Leonardo Da Vinci: The Marvellous Works of Nature and Man

By Martin Kemp | Go to book overview

I
'Leonardo da Firenze'

'Leonardo from Florence'?

I am not seriously suggesting that henceforth we should actually abandon his time-honoured name. Indeed, such a radical recasting is unwarranted in strictly biographical terms. Even at the end of his life in his will he retained the surname 'da Vinci', denoting that he came from Vinci, the Tuscan hilltown near which he was born in 1452 and in which he probably spent most of his childhood. Not only is his name biographically accurate, but it also provided a nice opportunity for puns on the theme of vincere (to conquer), which those poets who sang his praises were quick to exploit. Italian court humanists of the Renaissance could rarely resist an elegant word manipulation and inevitably worked their variations on the theme of the painter who 'conquers nature' (vince la natura), a theme which was more than a mere pun in view of Leonardo's supreme achievements in capturing natural effects.

His legal name in the Italian usage of the time was alternatively Leonardo di Ser Piero da Vinci – as such he was listed when he first became due to pay his subscription to the painters' Company of St Luke in 1472 – an acknowledgement that he was the first son, albeit illegitimate, of Ser Piero da Vinci and a woman from a lower class called Caterina. Ser Piero, following the family profession, was a notary, a kind of official solicitor who drafted and interpreted legal documents in Latin. He established a prestigious practice in Florence during the 1450s and 1460s, rising to a prominent place in civic employment by 1469, and he was probably responsible for introducing his son to the city when the time came for Leonardo, who had apparently been raised in the family home in Vinci, to acquire a profession. This is unlikely to have occurred before 1464, and may have been considerably later.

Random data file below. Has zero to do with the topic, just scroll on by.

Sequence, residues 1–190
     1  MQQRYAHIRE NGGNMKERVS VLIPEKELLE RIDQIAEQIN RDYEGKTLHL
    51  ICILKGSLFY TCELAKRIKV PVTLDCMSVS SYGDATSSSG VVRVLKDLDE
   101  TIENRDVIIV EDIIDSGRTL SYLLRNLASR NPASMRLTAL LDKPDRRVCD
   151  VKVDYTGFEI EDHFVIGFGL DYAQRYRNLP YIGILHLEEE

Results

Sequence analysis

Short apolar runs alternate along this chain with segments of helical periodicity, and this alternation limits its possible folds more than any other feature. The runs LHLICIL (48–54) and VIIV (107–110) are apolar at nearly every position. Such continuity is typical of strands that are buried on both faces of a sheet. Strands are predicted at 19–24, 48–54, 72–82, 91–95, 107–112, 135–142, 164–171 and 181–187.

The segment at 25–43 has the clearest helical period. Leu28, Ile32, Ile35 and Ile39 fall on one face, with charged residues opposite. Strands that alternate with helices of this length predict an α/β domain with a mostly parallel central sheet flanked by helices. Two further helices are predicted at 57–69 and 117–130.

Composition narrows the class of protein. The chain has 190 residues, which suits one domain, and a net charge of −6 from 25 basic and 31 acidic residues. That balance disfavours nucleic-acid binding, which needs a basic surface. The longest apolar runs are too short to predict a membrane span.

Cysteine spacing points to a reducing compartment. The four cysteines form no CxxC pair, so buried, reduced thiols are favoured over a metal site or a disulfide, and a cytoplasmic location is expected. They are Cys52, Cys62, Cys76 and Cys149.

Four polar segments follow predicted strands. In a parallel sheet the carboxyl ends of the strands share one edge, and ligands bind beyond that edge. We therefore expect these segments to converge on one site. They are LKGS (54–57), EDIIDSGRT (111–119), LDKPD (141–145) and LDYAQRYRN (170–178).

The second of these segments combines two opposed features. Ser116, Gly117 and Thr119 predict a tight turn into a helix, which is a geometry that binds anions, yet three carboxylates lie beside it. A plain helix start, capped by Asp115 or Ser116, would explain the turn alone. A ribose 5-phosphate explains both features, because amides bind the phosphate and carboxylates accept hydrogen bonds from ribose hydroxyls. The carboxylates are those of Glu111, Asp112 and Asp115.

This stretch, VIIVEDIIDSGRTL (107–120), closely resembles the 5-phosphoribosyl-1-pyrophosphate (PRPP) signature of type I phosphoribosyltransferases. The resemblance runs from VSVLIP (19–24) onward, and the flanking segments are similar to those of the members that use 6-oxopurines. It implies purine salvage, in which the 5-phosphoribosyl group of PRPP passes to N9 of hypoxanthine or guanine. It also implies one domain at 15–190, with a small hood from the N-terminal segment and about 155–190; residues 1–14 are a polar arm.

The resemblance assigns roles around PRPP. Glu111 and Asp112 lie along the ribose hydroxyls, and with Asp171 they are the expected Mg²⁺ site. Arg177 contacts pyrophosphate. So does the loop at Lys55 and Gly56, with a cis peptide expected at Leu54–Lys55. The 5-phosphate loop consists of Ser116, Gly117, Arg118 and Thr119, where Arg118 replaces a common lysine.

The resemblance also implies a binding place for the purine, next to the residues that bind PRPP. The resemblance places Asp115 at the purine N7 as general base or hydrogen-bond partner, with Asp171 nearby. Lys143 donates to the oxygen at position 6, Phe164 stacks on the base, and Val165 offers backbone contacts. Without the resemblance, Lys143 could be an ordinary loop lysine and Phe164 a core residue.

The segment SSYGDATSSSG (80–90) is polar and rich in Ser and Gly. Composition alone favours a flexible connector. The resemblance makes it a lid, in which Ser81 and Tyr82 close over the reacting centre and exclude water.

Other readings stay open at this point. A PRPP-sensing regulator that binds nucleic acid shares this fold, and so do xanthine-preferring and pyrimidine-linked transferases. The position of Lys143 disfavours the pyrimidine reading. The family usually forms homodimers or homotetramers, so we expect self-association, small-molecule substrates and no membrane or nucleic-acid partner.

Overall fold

In no sense, therefore, was Leonardo literally from Florence, and he was to live there for less than twenty of his sixty-seven years. But if intellectual and artistic ancestry are to count for anything, then he may legitimately be called a child of Florence. The basis for the aspirations which dominated his career had been conceived there by earlier generations of painters, sculptors, architects and engineers, and were generated in his own mind by direct contact with the Florentine masters of his own day, most notably Andrea del Verrocchio, with

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Leonardo Da Vinci: The Marvellous Works of Nature and Man
Table of contents

Table of contents

  • Praise for Martin Kemp's Leonardo ii
  • Leonardo Da Vinci iii
  • Contents v
  • List of Plates vii
  • List of Colour Plates xii
  • List of Figures xiii
  • Preface to the 1981 Edition xvii
  • Preface to This Edition xx
  • Acknowledgements, 1981 and 2006 xxv
  • Abbreviations and References xxviii
  • I - 'Leonardo Da Firenze' 1
  • II - The Microcosm 71
  • III - The Exercise of Fantasia 137
  • IV - The Republic: New Battles and Old Problems 204
  • V - The Prime Mover 271
  • Bibliography 349
  • Index 367
  • Photographic Acknowledgements 382
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